“O Christmas tree, O Christmas tree,
much pleasure doth thou bring me!
for every year the Christmas tree,
brings to us all both joy and glee.
o Christmas tree, O Christmas tree,
much pleasure doth thou bring me!”
If you’re looking for Christmas magic, you won’t find it in a box of metal branches and synthetic needles, as realistic as they might look these days. A pre-cut tree, sold road-side or in front of your favourite supermarket chain? We’re getting closer, but to really tap into the spirit of things, you’ve got to head for the hills and fell your own young pine or spruce or fir.
For those of us without the four-wheel drive necessary take us up past the regional parks and city owned land that frown on tree harvesting at any time of year, Christmas tree farms are a welcome alternative.
“We have something a retailer can’t provide. It’s an experience,” says Ted Corbett, owner of the Woodhaven Tree Farm up on the Rutland Bench in Kelowna.
Ted, a retired orthodontist, started his tree farm about 15 years ago after taking out his fruit orchard. After trying hay for a short time, he turned to trees – landscape trees in the warmer months, and Christmas trees leading up to 25 December.
While they’re not much more lucrative than orchard trees or hay, Ted says the trees are less work, and it’s a feel-good niche.
“Whole families come up here to choose their tree. They get a ride in the wagon and then head out, talk and choose a tree they all like,” Ted describes.
They’re welcome to bring a saw and cut their own tree, or watch while Ted or one of his workers do it for them.
“It’s making good memories for the kids,” Ted says. “It’s a wholesome family experience. I love watching them leave with just the right tree – they’re just so happy. Often they’ll turn and wave as they drive away.”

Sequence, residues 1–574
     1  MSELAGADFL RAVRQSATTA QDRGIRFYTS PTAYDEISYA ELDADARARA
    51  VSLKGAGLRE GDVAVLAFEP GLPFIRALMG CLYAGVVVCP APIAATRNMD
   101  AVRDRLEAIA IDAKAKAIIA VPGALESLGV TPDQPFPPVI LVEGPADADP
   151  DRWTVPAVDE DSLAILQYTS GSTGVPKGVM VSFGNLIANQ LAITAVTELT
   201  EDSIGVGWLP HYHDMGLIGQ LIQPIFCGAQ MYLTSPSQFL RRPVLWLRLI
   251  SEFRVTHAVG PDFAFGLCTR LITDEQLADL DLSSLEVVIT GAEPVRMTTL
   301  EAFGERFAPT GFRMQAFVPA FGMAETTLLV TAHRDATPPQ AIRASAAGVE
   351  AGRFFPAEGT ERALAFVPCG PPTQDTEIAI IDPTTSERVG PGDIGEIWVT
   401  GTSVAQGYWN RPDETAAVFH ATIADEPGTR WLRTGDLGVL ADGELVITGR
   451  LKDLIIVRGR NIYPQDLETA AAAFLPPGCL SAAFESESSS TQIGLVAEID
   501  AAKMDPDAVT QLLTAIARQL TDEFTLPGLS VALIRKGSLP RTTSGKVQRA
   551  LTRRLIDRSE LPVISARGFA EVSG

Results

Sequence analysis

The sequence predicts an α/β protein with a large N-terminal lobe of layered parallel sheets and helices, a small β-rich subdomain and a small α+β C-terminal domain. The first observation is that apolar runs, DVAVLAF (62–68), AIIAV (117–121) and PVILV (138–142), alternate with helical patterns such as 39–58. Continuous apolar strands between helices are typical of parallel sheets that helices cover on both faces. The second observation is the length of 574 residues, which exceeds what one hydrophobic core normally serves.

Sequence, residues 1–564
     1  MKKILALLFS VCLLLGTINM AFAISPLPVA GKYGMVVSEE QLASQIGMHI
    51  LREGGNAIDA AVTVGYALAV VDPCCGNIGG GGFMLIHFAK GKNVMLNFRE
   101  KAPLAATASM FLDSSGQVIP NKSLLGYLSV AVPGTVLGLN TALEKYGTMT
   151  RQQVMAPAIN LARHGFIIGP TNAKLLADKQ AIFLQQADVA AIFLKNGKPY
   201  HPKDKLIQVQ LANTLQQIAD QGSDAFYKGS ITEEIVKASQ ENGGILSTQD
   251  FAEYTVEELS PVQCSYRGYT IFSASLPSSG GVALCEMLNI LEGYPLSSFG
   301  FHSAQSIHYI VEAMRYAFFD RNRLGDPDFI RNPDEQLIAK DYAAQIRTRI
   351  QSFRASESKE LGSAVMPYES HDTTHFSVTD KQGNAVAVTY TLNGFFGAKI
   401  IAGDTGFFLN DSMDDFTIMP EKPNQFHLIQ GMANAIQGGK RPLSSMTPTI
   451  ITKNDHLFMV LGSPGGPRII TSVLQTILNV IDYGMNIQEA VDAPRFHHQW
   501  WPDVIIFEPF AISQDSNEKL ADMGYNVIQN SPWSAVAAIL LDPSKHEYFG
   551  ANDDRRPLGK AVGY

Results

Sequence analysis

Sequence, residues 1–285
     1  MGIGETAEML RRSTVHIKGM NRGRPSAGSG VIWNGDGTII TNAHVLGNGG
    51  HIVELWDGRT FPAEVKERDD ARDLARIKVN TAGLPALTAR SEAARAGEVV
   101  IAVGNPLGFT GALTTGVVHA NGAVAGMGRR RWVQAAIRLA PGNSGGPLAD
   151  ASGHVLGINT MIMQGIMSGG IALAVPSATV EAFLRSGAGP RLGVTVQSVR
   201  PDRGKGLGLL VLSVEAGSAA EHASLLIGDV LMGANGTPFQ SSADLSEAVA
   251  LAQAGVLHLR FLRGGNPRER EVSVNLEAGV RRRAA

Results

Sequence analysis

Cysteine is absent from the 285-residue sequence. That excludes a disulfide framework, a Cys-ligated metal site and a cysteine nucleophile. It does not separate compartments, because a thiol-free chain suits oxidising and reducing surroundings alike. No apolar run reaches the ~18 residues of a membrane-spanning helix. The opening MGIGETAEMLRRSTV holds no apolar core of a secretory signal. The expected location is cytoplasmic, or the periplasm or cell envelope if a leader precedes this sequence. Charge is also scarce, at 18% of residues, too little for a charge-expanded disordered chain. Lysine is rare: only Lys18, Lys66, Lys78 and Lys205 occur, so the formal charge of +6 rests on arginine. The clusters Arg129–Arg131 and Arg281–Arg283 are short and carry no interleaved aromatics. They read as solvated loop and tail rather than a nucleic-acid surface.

In addition to making someone’s Christmas just that little bit more merry and bright, infusing homes with their fresh, sweet fragrance, Ted notes that each acre of his trees supply enough oxygen for 16 people. They also act as air filters, absorbing pollutants in the atmosphere.
And, he points out that fresh trees – wherever they’re purchased – are environmentally friendly since they’re biodegradable and a renewable resource.
Ted’s farm offers Douglas Fir, Fraser Fir, Concolor Fir (commonly called White Fir or Colorado Fir), Grand Fir, Nordman Fir, Noble Fir, and Alpine Fir. Once cut, he shakes each tree in a little machine to rid them of loose pine needles (and the occasional bird’s nest), and bales them, to make transport easier.
While he does so, the family can warm up around a little fire, with a cup of something hot, and plan their next holiday adventure.
– Words and photos by Lori-Anne Poirier
A special thank you to our models Rob and Kelly Philip and their two young charges